The weighing of food and birds of each replicate were carried out on the challenge day and one week after the challenge to calculate the weight gain (WG) and feed conversion (FC). The lesion score of the treatment (six animals in each treatment) was assessed seven days after either vaccination or challenge, according to the procedure described by Johnson and Reid (1970). The remaining animals were euthanized on day 45. The oocyst-counting of caecal contents was performed daily for a week in all treatments after the challenge, using the euthanized animals. The hemogram was performed one week after the challenge. Briefly, the blood samples were drawn by cutaneous ulnar vein puncture of three animals of each treatment and stored with EDTA. Hematological parameters were evaluated: plasma protein, globular volume, hemoglobin, total erythrocyte and leukocyte count, differential leukocyte count, and determination of erythrocyte indexes (mean corpuscular volume, mean corpuscular hemoglobin concentration, and mean corpuscular hemoglobin), as reported by Campbell (2007). The hemoglobin measurement was determined by the cianometahemoglobin method with a modification: the reagent/blood mixture was centrifuged before the optical density reading to avoid overestimation of hemoglobin concentration. The erythrocyte and leukocyte counts were performed in a 1:200 dilution of blood in Natt and Herrick (1952) solution.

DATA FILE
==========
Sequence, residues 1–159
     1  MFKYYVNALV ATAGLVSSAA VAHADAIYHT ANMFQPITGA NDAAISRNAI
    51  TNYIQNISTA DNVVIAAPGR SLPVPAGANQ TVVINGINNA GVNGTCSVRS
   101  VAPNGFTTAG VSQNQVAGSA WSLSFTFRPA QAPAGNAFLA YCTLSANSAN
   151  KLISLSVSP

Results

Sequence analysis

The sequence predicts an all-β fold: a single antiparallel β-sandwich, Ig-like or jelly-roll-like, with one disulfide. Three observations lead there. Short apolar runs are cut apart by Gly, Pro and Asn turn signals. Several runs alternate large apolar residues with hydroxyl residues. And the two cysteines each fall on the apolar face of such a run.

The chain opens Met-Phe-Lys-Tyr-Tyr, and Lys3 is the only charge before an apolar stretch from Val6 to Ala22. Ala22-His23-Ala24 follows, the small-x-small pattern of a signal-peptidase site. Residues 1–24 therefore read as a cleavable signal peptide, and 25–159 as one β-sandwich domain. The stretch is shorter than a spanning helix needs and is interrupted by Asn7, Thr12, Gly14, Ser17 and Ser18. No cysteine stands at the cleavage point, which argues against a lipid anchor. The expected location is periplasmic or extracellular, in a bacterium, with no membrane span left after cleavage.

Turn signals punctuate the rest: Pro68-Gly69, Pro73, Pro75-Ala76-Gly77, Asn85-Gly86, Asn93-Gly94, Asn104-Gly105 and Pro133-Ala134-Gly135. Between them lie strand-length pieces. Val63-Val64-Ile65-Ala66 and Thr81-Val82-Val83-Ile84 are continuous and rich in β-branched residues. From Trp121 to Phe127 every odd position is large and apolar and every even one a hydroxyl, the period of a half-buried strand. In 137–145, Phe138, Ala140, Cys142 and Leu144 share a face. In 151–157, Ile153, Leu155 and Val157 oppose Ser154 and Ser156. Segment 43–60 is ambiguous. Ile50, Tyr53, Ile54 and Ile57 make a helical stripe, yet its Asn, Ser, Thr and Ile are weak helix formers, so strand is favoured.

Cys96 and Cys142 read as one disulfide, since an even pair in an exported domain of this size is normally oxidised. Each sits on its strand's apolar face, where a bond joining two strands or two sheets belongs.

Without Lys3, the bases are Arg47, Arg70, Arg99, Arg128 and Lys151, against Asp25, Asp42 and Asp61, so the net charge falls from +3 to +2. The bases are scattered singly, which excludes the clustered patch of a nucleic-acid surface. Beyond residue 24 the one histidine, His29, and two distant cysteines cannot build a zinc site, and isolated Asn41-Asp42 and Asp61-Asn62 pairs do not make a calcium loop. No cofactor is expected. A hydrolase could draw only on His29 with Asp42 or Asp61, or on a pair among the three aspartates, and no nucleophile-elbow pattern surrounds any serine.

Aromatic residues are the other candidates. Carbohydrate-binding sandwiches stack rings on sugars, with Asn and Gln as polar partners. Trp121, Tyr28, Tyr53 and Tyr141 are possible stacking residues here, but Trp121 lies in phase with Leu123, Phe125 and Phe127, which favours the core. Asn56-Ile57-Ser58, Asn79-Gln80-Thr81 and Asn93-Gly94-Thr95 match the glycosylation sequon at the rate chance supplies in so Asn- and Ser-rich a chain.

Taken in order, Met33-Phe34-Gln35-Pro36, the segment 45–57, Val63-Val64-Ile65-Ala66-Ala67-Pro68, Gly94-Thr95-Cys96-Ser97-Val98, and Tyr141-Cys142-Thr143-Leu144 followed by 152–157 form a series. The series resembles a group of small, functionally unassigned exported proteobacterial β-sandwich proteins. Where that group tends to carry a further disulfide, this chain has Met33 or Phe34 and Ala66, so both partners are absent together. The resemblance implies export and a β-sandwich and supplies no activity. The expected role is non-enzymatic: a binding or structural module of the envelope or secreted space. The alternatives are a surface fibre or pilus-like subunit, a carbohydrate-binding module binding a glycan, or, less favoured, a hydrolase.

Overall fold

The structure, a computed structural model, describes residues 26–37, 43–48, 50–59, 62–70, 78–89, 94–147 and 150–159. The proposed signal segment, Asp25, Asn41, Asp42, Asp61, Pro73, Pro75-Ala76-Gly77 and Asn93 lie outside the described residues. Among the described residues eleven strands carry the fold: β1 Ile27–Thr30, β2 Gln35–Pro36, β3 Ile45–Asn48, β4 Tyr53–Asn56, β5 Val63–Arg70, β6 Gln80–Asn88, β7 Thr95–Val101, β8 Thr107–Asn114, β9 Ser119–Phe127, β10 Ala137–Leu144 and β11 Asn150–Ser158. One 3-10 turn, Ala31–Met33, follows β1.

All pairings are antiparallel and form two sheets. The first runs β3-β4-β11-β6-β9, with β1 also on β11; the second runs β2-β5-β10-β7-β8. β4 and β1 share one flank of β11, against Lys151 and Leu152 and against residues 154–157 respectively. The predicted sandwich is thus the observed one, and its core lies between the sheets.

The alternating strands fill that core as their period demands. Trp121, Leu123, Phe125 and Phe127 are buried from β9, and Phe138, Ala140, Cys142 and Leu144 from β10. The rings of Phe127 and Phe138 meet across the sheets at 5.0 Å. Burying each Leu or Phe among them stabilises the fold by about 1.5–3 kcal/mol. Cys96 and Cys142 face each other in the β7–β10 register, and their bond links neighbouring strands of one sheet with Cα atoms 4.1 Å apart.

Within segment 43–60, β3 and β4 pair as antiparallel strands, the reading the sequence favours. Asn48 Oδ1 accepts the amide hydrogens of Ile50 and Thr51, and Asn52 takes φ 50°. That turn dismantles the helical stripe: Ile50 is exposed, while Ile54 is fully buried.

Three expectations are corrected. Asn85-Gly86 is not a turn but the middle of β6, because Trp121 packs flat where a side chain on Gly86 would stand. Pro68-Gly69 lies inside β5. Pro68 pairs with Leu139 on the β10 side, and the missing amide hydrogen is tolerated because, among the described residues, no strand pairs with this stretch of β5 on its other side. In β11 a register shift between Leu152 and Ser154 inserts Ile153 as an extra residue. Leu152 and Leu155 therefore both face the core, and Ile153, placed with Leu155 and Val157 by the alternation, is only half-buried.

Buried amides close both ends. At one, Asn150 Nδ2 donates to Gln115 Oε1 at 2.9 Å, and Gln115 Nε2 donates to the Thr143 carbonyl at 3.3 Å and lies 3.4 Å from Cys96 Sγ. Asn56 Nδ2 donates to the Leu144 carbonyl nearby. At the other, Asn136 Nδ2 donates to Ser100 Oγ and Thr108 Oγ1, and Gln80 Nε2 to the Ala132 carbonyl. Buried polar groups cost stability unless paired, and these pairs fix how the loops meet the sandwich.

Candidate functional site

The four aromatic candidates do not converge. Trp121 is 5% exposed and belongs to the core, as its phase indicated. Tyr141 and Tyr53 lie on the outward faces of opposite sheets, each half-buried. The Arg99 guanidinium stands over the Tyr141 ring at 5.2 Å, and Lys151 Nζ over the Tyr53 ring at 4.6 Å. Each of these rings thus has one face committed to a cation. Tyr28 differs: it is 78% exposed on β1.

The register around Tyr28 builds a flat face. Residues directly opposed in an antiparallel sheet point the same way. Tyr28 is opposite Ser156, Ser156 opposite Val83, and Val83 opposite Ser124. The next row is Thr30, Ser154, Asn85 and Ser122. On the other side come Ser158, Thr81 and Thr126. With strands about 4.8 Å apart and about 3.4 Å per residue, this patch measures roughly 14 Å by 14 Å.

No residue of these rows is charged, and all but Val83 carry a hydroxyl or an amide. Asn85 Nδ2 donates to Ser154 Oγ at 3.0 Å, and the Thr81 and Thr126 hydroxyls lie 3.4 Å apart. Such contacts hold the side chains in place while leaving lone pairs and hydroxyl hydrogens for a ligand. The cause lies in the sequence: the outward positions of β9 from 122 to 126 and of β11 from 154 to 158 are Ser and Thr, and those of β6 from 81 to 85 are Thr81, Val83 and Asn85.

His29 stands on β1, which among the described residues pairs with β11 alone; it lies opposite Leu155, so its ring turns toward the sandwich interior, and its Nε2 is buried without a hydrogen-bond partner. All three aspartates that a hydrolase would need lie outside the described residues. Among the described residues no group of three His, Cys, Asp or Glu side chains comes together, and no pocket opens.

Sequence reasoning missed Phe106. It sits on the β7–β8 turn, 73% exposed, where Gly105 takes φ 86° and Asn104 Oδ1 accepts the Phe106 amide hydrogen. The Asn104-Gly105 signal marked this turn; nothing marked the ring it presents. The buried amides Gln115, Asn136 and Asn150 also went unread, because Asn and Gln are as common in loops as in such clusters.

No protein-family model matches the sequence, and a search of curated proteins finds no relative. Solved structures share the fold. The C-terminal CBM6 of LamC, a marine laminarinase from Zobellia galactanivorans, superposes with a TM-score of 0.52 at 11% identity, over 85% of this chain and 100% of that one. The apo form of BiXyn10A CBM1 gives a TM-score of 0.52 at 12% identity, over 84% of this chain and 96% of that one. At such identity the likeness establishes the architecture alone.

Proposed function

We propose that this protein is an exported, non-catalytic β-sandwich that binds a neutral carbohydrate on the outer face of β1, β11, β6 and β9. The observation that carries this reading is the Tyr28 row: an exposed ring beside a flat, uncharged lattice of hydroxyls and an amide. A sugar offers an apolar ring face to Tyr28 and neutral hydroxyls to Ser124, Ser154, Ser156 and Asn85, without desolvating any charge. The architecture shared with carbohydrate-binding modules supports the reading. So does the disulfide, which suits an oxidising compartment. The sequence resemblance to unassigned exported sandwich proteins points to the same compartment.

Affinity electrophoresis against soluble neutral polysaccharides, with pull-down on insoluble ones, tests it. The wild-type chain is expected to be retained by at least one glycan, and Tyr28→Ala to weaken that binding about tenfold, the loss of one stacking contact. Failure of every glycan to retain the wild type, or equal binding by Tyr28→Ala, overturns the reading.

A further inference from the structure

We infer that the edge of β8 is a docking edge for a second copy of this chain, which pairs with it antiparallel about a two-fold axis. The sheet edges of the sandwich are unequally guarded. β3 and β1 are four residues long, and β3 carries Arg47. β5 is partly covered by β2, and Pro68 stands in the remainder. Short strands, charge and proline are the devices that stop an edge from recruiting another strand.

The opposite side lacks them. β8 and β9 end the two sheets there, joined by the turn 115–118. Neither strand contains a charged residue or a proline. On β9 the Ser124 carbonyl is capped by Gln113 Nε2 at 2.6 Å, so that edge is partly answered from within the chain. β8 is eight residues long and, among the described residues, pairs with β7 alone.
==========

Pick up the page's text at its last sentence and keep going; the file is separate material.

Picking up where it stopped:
After mixing, the diluted blood was placed on the hemocytometer, remaining at rest for five minutes. The red cells were counted in four large corner squares and in central squares, and the number of cells counted was multiplied by 10,000 to calculate the total number of cells per cubic millimeter. The total leukocyte count was carried out according to the methodology described by Campbell (2007), through the sum of all leukocytes (LEU) present in the nine large squares of the hemocytometer grid area, according to the Equation 1: